Visitors to the medium-security Oregon State Correctional Institution in Salem plunk the quarters into lockers before going through security.
No one can figure out what happened to the coins, and state corrections officials couldn't explain why the thievery went undetected for so long, The Oregonian reported Thursday.
Auditors discovered the theft this spring as they were looking into the multimillion dollar Inmate Welfare Fund made up of vending machine receipts, inmate fines and concession contracts. It's used for such things as bus tickets for departing inmates and prison cable television.
Investigators initially suspected the theft was linked to another embezzlement case involving the fund that a grand jury is examining. But corrections officials say there's a lack of evidence to link the two cases.
Prison Superintendent Rob Persson said the amount of money involved in the locker thefts was relatively small in comparison to the fund that processed about $30 million in those years.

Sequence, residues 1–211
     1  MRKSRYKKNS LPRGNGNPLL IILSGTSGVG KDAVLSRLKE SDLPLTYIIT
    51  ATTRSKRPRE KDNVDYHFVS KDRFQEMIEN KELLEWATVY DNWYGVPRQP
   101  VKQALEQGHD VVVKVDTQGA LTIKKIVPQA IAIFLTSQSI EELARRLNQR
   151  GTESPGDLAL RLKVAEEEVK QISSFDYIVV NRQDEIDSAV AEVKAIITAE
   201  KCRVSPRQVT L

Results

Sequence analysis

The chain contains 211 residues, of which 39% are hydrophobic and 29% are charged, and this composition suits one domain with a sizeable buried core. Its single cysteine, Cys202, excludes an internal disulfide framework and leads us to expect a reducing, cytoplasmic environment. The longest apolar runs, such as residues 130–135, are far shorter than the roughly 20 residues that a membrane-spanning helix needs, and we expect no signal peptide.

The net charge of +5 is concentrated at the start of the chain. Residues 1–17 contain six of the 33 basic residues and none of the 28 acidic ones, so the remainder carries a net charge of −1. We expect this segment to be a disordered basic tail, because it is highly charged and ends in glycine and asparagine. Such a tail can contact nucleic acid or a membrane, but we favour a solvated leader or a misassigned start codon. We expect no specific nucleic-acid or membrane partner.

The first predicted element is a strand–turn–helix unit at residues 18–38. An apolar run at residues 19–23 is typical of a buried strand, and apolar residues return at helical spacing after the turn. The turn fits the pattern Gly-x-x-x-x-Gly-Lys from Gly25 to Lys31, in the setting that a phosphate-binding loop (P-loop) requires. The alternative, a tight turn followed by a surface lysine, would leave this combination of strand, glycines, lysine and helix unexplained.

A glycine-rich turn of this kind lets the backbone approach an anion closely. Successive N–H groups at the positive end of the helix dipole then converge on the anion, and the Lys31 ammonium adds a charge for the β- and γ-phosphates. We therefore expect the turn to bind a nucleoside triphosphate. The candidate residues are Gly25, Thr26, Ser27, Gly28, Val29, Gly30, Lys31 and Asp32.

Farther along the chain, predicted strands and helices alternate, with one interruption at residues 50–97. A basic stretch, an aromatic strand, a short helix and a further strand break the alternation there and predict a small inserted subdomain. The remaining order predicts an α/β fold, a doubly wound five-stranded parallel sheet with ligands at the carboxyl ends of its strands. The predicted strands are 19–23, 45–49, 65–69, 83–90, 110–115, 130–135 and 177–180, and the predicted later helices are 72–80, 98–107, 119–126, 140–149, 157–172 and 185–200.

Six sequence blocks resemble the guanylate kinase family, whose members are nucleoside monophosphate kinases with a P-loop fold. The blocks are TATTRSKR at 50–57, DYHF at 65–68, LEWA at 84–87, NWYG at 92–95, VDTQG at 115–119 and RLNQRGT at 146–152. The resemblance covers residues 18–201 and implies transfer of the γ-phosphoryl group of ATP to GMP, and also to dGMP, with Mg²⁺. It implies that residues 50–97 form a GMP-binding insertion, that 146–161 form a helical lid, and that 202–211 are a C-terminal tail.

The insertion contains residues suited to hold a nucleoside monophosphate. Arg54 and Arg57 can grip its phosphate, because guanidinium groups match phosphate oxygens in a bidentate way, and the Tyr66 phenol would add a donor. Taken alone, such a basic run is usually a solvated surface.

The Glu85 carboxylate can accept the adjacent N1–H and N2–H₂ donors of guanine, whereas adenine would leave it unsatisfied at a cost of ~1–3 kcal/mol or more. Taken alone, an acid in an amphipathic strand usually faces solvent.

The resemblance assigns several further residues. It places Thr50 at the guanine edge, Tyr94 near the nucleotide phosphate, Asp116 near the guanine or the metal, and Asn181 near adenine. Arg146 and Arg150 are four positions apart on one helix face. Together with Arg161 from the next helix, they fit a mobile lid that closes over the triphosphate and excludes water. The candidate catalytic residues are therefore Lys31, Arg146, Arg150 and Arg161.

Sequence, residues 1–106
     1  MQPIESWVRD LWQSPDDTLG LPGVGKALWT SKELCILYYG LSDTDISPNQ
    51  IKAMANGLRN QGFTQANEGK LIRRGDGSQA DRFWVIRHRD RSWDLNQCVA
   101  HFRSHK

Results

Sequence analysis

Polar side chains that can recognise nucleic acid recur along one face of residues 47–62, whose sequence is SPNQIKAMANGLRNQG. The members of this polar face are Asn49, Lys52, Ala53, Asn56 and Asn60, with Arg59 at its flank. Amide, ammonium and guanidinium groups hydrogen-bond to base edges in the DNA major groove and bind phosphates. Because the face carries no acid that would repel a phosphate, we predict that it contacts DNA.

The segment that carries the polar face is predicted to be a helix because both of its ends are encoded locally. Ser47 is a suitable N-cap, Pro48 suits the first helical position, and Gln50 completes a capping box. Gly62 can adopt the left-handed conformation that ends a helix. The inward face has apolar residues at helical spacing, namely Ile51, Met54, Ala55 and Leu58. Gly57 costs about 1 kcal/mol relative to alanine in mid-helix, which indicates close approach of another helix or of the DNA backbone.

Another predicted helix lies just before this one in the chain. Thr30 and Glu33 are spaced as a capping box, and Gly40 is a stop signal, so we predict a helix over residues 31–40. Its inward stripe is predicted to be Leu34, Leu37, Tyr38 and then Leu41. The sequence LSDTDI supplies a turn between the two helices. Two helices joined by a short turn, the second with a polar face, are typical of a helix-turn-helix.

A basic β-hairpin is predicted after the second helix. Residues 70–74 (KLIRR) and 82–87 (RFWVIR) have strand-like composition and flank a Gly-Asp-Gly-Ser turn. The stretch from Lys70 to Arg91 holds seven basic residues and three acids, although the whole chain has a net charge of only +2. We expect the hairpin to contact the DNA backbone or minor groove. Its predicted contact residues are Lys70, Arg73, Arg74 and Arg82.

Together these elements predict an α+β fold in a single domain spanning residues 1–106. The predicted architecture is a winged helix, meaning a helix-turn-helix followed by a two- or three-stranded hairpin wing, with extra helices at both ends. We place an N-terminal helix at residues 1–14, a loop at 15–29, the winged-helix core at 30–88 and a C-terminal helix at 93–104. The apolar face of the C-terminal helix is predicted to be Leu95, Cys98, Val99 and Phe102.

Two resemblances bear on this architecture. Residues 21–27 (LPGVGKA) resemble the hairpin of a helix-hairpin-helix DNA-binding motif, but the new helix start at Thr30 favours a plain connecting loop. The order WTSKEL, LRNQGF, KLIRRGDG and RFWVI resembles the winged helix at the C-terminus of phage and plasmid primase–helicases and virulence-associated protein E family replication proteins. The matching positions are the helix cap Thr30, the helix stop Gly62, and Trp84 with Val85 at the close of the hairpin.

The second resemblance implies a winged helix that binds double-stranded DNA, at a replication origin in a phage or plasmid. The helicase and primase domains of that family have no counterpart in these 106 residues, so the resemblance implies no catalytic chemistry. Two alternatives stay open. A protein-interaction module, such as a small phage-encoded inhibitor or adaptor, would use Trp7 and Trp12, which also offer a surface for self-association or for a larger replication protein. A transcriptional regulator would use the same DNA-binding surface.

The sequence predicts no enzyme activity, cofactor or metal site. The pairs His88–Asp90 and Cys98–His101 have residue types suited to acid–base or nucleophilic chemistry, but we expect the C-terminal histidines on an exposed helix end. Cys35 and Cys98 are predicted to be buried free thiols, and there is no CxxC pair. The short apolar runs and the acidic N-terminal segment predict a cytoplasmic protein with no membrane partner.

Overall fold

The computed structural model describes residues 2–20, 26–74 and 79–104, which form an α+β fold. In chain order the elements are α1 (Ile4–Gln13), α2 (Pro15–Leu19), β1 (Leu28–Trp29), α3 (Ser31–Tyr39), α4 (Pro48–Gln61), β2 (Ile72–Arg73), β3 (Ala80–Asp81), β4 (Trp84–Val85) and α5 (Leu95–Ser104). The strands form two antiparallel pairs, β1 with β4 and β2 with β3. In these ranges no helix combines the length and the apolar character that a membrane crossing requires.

"It was a couple hundred dollars here and there - not a big difference in the overall scheme of things," he said.
Persson, who took over in August 2011, said there was no formal procedure for handling the coins, but a designated person at the prison was supposed to process the cash.
"There is no record of who was designated," Persson said. He also said there was lax security involving the key to the coin boxes.
The coins were supposed to be removed monthly and turned in at Corrections Department headquarters a few miles away. From October 2002 until February 2011 the money apparently never made it there.
Persson said he's instituted tighter controls on the coins.